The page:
Wednesday, June 18, 2014

What Was I Thinking?!

This has been a bit of a rough year for me. I've been sick quite a bit, plus I've had to deal with the loss of two of my horses. I'll be the first to admit that I've been using all those things as an excuse to take it easy and slack off a bit.

All that is behind me now. It's June, I'm feeling good and I've got three great horses to ride. 

And then the realization hits me..... "Oh, crap! My flabby rump needs to ride and train three horses!"

So, I made myself a schedule. It was an excellent schedule, in which Spider was ridden 5 days a week, Jack was ridden 4 days a week (because he's only 4), and Spots was ridden 3 days a week by me and gave my kids a lesson 2 days a week. I only had to ride two horses a day for 6 days a week, and none on Sunday. It was perfect.

It was perfect, until I realized that Spots needs a little more training than what I can give him in 3 days a week, and if there's bad weather I ain't riding anybody, so then I end up playing catch up the next day. So, my schedule is now "Ride as many horses as you can in between all your other chores and crap you have to do and hope they all get ridden". 

When I was younger, I used to shake my head in wonder at the women who would pay me to ride their nice horses. I just couldn't figure out why on earth they wouldn't want to ride their horses themselves.

I totally get it now, and I will never disparage the middle aged lady who wants someone else to ride her horse a few days a week again.   I can't wait for my kids to get old enough to train some of these horses all by themselves!

Ears. All I see is ears.

All day.
All night.


Monday, June 9, 2014

Old Horses

Most of us will outlive our horses. A horse's lifespan is only 1/4 of a human's, so we will inevitably have to make the hard decisions about how and when to end their lives. 

Last winter, Vinny had a bout of choke. Choke, in horses, is when something (usually food) obstructs the horse's esophagus and prevents them from swallowing. It's not a life threatening condition by itself, but if it doesn't clear on its own the horse can quickly become dehydrated and/or colic. It can be treated either by taking the horse to a veterinary hospital and administering IV fluids and banamine until the blockage clears on its own, or by running a tube down the horse's throat to manually clear the blockage. 

When Vinny choked last winter, I chose to have the vet come out and tube him. Vinny was not on board with this idea. It took 3 people and 1.5 ml of dormosedan to get him tubed, and then over an hour to clear the blockage because he was still fighting. 

After the choke, I changed his diet completely. No more beet pulp, no more alfalfa, he got softened senior pellets broken up into four feedings a day so the portions would be small. He also saw the dentist, who confirmed that his teeth were fine.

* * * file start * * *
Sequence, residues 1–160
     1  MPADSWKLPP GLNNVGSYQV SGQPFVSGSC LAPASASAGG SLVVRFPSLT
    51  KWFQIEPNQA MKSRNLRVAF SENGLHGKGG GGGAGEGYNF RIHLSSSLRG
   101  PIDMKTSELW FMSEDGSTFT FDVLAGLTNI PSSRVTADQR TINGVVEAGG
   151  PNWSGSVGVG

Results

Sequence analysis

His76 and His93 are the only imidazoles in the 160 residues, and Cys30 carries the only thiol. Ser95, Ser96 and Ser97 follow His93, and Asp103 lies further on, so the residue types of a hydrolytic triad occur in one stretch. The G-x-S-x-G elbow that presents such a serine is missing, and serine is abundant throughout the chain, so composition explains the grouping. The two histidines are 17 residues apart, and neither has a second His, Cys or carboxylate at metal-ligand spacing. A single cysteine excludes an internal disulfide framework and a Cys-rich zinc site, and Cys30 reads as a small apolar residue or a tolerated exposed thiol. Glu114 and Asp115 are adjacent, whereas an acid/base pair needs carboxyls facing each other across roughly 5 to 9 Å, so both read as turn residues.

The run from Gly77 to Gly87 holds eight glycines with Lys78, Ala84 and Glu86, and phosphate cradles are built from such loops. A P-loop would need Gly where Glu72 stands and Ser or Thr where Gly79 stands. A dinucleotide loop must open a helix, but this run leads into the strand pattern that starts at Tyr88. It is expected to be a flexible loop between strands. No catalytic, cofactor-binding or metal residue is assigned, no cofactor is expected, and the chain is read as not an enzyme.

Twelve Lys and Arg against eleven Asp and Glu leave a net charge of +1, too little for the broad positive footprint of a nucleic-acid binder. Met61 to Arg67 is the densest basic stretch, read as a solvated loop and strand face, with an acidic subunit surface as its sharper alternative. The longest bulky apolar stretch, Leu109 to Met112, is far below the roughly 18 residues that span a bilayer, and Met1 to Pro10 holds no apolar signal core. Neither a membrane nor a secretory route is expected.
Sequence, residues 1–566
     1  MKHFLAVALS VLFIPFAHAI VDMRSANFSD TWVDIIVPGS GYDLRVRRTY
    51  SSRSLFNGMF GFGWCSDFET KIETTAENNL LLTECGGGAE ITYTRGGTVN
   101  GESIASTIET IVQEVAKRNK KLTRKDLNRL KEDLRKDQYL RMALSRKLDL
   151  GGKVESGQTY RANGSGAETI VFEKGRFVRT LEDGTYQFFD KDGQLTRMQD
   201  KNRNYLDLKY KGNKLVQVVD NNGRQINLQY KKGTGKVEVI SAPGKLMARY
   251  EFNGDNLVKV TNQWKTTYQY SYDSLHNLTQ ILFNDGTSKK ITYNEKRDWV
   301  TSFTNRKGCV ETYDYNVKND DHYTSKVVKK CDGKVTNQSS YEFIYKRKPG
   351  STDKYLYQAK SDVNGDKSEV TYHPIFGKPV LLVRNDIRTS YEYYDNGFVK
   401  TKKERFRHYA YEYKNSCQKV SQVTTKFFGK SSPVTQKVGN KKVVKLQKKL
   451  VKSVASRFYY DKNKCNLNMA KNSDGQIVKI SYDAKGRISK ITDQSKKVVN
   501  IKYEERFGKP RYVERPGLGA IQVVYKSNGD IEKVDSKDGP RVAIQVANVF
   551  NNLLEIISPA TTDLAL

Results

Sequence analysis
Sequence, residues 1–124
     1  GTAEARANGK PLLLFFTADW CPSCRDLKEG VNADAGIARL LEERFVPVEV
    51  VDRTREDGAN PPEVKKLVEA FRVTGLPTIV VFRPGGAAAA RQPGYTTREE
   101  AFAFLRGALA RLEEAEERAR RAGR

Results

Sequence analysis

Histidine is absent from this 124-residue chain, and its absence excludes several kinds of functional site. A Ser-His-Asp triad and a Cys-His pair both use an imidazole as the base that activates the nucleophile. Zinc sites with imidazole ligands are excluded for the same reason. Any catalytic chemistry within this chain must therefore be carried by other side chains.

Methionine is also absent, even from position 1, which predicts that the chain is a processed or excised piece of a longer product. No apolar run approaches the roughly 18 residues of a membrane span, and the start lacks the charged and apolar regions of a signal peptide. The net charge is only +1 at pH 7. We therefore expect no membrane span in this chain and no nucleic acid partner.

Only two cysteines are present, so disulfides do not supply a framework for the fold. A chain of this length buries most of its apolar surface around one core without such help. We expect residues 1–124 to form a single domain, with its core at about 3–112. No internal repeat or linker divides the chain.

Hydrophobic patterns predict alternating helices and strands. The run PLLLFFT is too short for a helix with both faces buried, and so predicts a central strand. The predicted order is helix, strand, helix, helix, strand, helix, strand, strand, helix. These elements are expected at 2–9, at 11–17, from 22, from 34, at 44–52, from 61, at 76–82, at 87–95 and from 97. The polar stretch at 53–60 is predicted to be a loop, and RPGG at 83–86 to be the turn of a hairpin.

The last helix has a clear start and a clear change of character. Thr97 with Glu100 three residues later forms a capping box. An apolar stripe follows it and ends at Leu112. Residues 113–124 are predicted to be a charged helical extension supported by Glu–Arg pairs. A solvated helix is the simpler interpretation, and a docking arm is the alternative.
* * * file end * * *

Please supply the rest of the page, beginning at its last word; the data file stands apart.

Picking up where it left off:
Last week he choked again. He choked on two cups of soaked senior pellets. It was obvious that something wasn't right. 

Vinny was a grey, and he had a lot of tumors. The largest one was on his chest. I had it biopsied when it first appeared, and it came back benign at that time, but it had begun growing and changing in the last few months. 

So, I had a 28 year old horse with a huge tumor on his chest who was choking on seemingly nothing and was going to violently fight being tubed. There was no way I was going to have him tubed again, and it wouldn't really be fair to haul him two hours to the nearest vet hospital, either. I called the vet, and explained what was going on. We decided to give him banamine and a bolus of fluids, then wait to see if it cleared on its own. 

The choke did clear on its own after only a few hours, but he still wasn't quite right. He was lethargic and there was a necrotic smell to his breath. The vet came out the next morning to perform a full physical exam and confirm what I already knew.  

We probably could have pulled him through this time, but for what? The choke was likely being caused by a tumor somewhere in his chest. The vet confirmed that the necrotic smell was a sign of cancer and she also said his lungs sounded occluded, possibly from more tumors. The choke just would have happened again and again, and the tumors would have eaten him up until his body finally gave out. That's not humane. 

I made the decision to euthanize him now, rather than put him through any more tests, procedures and chokes. He was always a dignified old bastard, even when he was being a complete asshole, and he deserved to die with his dignity intact. 

I lead him into the dressage arena for the last time, and he halted himself right at G for his final salute. He went quietly, just laid down like he was taking a nap. 

It was a rough decision for me, but Vinny handled it with grace and aplomb. He and I both knew it was time. I'm glad he went without any pain or suffering.  I'm glad I was able to give him the ending he deserved. 

The last picture of the Old Man.

Sunday, June 1, 2014

R.I.P. Vinny, 1986-2014

You were always a rank-ass bastard, and I didn't learn any dressage from you, but you taught me how strong I could be, and you showed me how to be the rider, trainer and person I wanted to be. For that, you will always be my Schoolmaster. 


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